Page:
(a) Procedure. The procedure in the Supreme Court, after acceptance of review of a decision of the Court of Appeals, is the same as the procedure in the Supreme Court after acceptance of review of a trial court decision, except that (1) the record in the Court of Appeals is the record on review in the Supreme Court, and (2) only the briefs filed in the Court of Appeals and the documents submitted in connection with the motion for discretionary review or petition for review will be considered by the Supreme Court, unless additional briefs are submitted by the parties in accordance with sections (d) and (e) of this rule or are requested by the Supreme Court.

(b) Scope of Review. If the Supreme Court accepts review of a Court of Appeals decision, the Supreme Court will review only the questions raised in the motion for discretionary review, if review is sought of an interlocutory decision, or the petition for review and the answer, unless the Supreme Court orders otherwise upon the granting of the motion or petition. The Supreme Court may limit the issues to one or more of those raised by the parties. If the Supreme Court reverses a decision of the Court of Appeals that did not consider all of the issues raised which might support that decision, the Supreme Court will either consider and decide those issues or remand the case to the Court of Appeals to decide those issues.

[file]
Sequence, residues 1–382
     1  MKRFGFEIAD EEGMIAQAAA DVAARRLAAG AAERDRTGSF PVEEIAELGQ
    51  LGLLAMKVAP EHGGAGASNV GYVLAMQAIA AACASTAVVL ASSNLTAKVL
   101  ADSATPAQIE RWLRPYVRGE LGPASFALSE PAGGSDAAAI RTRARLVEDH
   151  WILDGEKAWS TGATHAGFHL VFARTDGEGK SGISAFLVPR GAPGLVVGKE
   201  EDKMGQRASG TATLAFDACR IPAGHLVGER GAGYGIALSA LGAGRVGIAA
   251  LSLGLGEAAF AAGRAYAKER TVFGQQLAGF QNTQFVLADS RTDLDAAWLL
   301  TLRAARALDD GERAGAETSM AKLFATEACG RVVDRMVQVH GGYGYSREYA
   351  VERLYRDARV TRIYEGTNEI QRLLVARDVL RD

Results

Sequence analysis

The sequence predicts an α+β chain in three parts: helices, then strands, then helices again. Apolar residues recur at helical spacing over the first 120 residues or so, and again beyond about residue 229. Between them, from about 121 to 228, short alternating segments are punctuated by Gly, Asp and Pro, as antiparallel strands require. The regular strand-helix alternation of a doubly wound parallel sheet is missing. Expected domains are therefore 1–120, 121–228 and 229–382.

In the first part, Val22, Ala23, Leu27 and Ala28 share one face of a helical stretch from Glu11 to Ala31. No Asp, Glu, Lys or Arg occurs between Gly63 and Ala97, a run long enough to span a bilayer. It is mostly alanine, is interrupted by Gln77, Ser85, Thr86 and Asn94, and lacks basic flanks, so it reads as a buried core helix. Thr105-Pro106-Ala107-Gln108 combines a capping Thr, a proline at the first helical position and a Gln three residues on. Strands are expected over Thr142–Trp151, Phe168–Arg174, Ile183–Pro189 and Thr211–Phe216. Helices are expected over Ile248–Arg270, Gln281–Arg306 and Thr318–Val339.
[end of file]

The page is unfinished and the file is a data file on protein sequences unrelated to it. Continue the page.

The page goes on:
(c) Other Limitations on Scope of Review. The scope of review may be further affected by the circumstances set forth in rule 2.5.

(d) Supplemental Briefs, Authorized. Within 30 days after the Supreme Court grants a petition for review, or a motion for discretionary review, any party may file and serve a supplemental brief in accordance with these rules. No response to a supplemental brief may be filed or served except by leave of the Supreme Court.

(e) Supplemental Briefs, Special Requirements.

(1) Form. Except as to length, a supplemental brief should conform to rules 10.3 and 10.4 and should be captioned "supplemental brief of (petitioner/respondent--name of party)."

(2) Length. A supplemental brief should not exceed 20 double spaced pages. The title sheet, appendices, table of contents and table of authorities are not included in this page limitation. For compelling reasons the court may grant a motion to file an over-length brief.

(3) Filing and Service. A supplemental brief should be filed in the Supreme Court and served in accordance with rule 10.2.


Rule 2.5, Circumstances Which May Affect Scope of Review.

[Amended effective September 1, 2006.]